overclassify

overclassify

(ˌəʊvəˈklæsɪfaɪ)
vb, -fies, -fying or -fied
to classify to excess
References in periodicals archive ?
These opinions echoed that of the current Director of the Central Intelligence Agency Porter Goss, who told the 9/11 Commission, while then serving as the Chair of the House Permanent Select Committee on Intelligence, '[W]e overclassify very badly.
53) Another technique that was both popular and effective was to overclassify discovery, declaring almost every scrap of information related to detainees to be classified or otherwise protected, forcing habeas counsel to utilize time-consuming and cumbersome procedures to review documents and submit court filings.
18) The American tendency to overclassify everything does not help.
Hamilton speaks to the lack of incentives stating, "As we say in our report, there is this very strong urge, which every one of you has encountered, to overclassify.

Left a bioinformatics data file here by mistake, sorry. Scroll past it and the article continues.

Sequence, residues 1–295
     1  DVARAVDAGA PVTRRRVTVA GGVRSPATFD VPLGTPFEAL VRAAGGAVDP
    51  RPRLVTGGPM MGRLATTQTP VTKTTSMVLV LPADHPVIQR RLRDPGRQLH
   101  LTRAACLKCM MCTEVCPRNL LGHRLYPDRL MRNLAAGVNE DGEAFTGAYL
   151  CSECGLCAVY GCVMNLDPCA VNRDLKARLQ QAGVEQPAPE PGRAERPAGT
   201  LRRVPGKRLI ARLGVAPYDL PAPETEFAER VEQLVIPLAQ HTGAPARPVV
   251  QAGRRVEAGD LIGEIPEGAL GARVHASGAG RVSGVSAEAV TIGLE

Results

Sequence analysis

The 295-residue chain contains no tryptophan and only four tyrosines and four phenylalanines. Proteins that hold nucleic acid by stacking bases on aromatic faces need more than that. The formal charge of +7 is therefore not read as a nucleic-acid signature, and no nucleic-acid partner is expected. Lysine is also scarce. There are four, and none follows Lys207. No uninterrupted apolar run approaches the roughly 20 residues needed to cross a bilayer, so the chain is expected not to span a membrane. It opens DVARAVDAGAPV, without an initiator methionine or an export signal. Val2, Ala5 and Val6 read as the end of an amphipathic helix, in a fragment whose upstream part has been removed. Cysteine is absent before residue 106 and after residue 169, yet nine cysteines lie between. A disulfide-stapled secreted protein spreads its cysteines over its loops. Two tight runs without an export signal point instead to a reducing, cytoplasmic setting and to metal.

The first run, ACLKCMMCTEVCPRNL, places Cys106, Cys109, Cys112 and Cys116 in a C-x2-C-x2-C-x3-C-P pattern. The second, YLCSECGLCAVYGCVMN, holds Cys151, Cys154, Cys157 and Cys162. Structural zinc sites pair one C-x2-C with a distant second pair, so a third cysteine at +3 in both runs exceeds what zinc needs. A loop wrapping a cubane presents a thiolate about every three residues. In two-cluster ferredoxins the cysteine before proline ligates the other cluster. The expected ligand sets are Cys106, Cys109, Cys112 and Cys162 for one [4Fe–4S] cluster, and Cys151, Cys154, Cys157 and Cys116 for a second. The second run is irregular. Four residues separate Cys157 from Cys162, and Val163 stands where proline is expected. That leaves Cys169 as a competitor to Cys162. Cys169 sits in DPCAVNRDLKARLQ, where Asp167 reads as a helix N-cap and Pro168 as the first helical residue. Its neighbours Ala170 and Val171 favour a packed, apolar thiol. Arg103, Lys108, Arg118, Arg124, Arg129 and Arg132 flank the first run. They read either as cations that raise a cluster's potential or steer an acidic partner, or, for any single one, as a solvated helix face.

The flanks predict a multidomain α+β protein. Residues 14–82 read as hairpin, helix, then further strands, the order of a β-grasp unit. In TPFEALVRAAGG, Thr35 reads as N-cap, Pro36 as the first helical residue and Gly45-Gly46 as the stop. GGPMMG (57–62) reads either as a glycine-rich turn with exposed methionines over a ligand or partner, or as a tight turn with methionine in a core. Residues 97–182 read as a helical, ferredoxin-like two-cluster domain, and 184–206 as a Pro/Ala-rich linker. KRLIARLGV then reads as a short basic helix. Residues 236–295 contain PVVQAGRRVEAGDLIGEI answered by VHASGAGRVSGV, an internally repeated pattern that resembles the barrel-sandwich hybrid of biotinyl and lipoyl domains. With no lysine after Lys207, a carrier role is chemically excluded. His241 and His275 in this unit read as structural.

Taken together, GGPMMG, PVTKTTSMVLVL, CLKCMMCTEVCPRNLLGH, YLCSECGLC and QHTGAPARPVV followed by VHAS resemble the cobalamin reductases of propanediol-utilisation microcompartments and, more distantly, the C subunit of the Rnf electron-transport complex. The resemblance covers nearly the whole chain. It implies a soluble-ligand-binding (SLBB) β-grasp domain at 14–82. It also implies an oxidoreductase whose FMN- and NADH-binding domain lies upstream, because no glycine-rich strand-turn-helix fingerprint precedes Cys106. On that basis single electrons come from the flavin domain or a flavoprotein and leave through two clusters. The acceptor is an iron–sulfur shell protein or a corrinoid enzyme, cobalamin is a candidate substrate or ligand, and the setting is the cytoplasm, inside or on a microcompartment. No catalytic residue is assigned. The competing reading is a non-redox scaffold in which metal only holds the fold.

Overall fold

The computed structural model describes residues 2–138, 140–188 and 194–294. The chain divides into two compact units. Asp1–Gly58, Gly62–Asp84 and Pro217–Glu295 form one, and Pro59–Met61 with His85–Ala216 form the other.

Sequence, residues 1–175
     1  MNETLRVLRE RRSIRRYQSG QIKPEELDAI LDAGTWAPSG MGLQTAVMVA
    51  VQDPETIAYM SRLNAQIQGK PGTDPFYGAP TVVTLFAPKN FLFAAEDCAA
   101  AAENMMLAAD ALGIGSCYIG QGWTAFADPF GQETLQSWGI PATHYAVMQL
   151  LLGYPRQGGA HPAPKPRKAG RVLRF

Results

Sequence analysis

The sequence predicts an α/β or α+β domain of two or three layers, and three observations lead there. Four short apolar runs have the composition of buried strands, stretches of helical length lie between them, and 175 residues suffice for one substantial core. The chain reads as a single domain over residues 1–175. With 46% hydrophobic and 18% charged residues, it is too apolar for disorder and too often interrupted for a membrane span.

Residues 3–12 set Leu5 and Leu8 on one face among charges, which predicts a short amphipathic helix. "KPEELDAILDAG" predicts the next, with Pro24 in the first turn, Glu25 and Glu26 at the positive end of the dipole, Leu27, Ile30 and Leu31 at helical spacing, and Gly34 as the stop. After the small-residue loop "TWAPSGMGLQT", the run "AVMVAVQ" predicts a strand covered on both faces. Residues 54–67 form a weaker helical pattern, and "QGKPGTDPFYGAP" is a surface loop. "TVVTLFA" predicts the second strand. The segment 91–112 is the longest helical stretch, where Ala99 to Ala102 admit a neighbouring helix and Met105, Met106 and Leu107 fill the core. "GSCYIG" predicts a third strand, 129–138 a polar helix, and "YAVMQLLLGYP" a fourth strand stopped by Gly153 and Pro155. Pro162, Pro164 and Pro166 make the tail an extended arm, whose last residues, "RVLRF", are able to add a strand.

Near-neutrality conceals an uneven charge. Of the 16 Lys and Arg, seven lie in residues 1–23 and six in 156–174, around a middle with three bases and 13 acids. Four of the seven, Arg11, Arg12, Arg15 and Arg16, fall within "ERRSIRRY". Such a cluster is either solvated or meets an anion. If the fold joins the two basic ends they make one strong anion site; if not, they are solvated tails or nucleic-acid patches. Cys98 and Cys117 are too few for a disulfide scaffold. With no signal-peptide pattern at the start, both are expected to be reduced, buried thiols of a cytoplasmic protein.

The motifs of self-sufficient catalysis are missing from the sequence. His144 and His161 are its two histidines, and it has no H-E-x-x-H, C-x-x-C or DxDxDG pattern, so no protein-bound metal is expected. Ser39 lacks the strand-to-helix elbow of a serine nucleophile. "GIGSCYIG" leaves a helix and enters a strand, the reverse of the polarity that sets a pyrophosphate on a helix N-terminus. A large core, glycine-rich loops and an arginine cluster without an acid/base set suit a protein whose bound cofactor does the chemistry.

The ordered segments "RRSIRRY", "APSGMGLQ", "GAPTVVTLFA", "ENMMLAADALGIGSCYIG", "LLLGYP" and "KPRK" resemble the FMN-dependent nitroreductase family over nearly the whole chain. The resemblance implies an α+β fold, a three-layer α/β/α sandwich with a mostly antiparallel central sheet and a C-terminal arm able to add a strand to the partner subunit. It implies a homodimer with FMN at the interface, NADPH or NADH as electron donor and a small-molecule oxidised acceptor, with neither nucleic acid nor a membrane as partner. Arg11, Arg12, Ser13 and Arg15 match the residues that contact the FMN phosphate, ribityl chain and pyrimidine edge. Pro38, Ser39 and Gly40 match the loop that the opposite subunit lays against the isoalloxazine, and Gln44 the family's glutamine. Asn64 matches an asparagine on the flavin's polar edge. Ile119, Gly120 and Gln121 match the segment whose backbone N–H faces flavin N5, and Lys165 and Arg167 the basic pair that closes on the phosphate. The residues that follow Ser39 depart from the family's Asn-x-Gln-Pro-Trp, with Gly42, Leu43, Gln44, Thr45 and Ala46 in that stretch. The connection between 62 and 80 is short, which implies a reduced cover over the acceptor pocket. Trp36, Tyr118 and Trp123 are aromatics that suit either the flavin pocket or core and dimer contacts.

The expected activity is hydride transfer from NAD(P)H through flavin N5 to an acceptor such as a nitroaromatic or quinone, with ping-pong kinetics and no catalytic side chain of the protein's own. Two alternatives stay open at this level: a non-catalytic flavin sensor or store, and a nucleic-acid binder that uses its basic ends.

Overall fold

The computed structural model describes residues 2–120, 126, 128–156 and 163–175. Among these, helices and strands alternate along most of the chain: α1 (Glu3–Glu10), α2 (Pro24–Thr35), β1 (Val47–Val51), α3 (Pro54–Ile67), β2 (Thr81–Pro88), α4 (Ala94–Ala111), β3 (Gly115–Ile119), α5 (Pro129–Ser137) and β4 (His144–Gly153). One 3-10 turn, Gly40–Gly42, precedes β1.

In an August executive order, "Strengthening the Sharing of Terrorism Information to Protect Americans" President Bush called for reining in the government's tendency to overclassify.
One thing I've noticed is, if you overclassify at the front-end, you create an administrative nightmare at the declassification level.
However, because funds increase in direct proportion to the number of students served, there is an inherent incentive to overclassify students and leave them in low-cost placements (Hartman, 1980).